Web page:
Advanced Search
MyIDEAS: Login

Confessions of an internet monopolist: demand estimation for a versioned information good

Contents:

Author Info

  • Henry W. Chappell
  • Paulo Guimarães
  • Orgül Demet Öztürk

Abstract

We develop and apply a method for estimating demand system parameters for versioned information goods. Our analysis uses data collected from a web-based field experiment in which prices and versions of an information good were exogenously varied. Using a maximum simulated likelihood (MSL) procedure, we estimate parameters characterizing distributions of utility functions over a population of potential buyers. We then construct profit‐maximizing versioning and pricing plans for the seller and assess the welfare implications of those plans. Because firms increasingly have opportunities to collect information by tracking behavior of customers, methods similar to ours could be useful in future commercial applications. Copyright (C) 2010 John Wiley & Sons, Ltd.

Download Info

If you experience problems downloading a file, check if you have the proper application to view it first. In case of further problems read the IDEAS help page. Note that these files are not on the IDEAS site. Please be patient as the files may be large.
File URL: http://hdl.handle.net/10.1002/mde.1513
Download Restriction: no

Bibliographic Info

Article provided by John Wiley & Sons, Ltd. in its journal Managerial and Decision Economics.

Volume (Year): 32 (2011)
Issue (Month): 1 (January)
Pages: 1-15

as in new window
Handle: RePEc:wly:mgtdec:v:32:y:2011:i:1:p:1-15

Contact details of provider:
Web page: http://www3.interscience.wiley.com/cgi-bin/jhome/7976

Related research

Keywords:

Other versions of this item:

Find related papers by JEL classification:

References

References listed on IDEAS
Please report citation or reference errors to , or , if you are the registered author of the cited work, log in to your RePEc Author Service profile, click on "citations" and make appropriate adjustments.:
as in new window
  1. Aghion, P. & Bolton, P. & Harris, C. & Jullien, B., 1990. "Optimal Learning By Experimentation," DELTA Working Papers 90-10, DELTA (Ecole normale supérieure).
  2. Rothschild, Michael, 1974. "A two-armed bandit theory of market pricing," Journal of Economic Theory, Elsevier, vol. 9(2), pages 185-202, October.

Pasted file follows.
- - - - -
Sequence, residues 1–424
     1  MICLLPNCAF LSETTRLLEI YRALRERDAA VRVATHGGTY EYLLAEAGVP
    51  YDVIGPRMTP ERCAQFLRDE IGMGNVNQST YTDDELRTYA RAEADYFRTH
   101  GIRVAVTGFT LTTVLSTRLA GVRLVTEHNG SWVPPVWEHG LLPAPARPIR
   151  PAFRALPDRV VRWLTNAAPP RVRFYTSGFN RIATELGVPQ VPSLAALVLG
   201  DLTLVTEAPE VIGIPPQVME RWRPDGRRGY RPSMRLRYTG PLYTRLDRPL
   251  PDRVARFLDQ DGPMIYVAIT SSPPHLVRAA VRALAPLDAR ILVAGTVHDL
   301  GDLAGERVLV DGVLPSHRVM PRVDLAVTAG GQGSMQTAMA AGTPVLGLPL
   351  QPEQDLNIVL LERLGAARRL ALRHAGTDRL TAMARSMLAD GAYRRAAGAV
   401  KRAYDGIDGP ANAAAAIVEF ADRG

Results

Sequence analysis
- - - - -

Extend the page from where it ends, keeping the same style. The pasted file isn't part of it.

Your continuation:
3. Esteves, Rosa-Branca, 2010. "Pricing with customer recognition," International Journal of Industrial Organization, Elsevier, vol. 28(6), pages 669-681, November.
  4. Oksana Loginova & Curtis Taylor, 2008. "Price experimentation with strategic buyers," Review of Economic Design, Springer, vol. 12(3), pages 165-187, September.
  5. Gourieroux, Christian & Monfort, Alain, 1993. "Simulation-based inference : A survey with special reference to panel data models," Journal of Econometrics, Elsevier, vol. 59(1-2), pages 5-33, September.
  6. Carlos Arias & THOMAS L. COX, 1999. "Maximum Simulated Likelihood: A Brief Introduction for Practitioners," Wisconsin-Madison Agricultural and Applied Economics Staff Papers 421, Wisconsin-Madison Agricultural and Applied Economics Department.
  7. Brian Kahin & Hal R. Varian (ed.), 2000. "Internet Publishing and Beyond: The Economics of Digital Information and Intellectual Property," MIT Press Books, The MIT Press, edition 1, volume 1, number 0262611597, January.
  8. Hajivassiliou, Vassilis A. & Ruud, Paul A., 1986. "Classical estimation methods for LDV models using simulation," Handbook of Econometrics, in: R. F. Engle & D. McFadden (ed.), Handbook of Econometrics, edition 1, volume 4, chapter 40, pages 2383-2441 Elsevier.
  9. Alessandro Acquisti & Hal R. Varian, 2002. "Contidioning Prices on Purchase History," Microeconomics 0210001, EconWPA.
  10. Aghion, Philippe, et al, 1991. "Optimal Learning by Experimentation," Review of Economic Studies, Wiley Blackwell, vol. 58(4), pages 621-54, July.
  11. Glenn Harrison & John List, 2004. "Field experiments," Artefactual Field Experiments 00058, The Field Experiments Website.
  12. Lee, Lung-Fei, 1995. "Asymptotic Bias in Simulated Maximum Likelihood Estimation of Discrete Choice Models," Econometric Theory, Cambridge University Press, vol. 11(03), pages 437-483, June.
Full references (including those not matched with items on IDEAS)

Citations

Lists

This item is not listed on Wikipedia, on a reading list or among the top items on IDEAS.

Statistics

Access and download statistics

Corrections

When requesting a correction, please mention this item's handle: RePEc:wly:mgtdec:v:32:y:2011:i:1:p:1-15. See general information about how to correct material in RePEc.

For technical questions regarding this item, or to correct its authors, title, abstract, bibliographic or download information, contact: (Wiley-Blackwell Digital Licensing) or (Christopher F. Baum).

If you have authored this item and are not yet registered with RePEc, we encourage you to do it here. This allows to link your profile to this item. It also allows you to accept potential citations to this item that we are uncertain about.

If references are entirely missing, you can add them using this form.

If the full references list an item that is present in RePEc, but the system did not link to it, you can help with this form.

If you know of missing items citing this one, you can help us creating those links by adding the relevant references in the same way as above, for each refering item. If you are a registered author of this item, you may also want to check the "citations" tab in your profile, as there may be some citations waiting for confirmation.

Please note that corrections may take a couple of weeks to filter through the various RePEc services.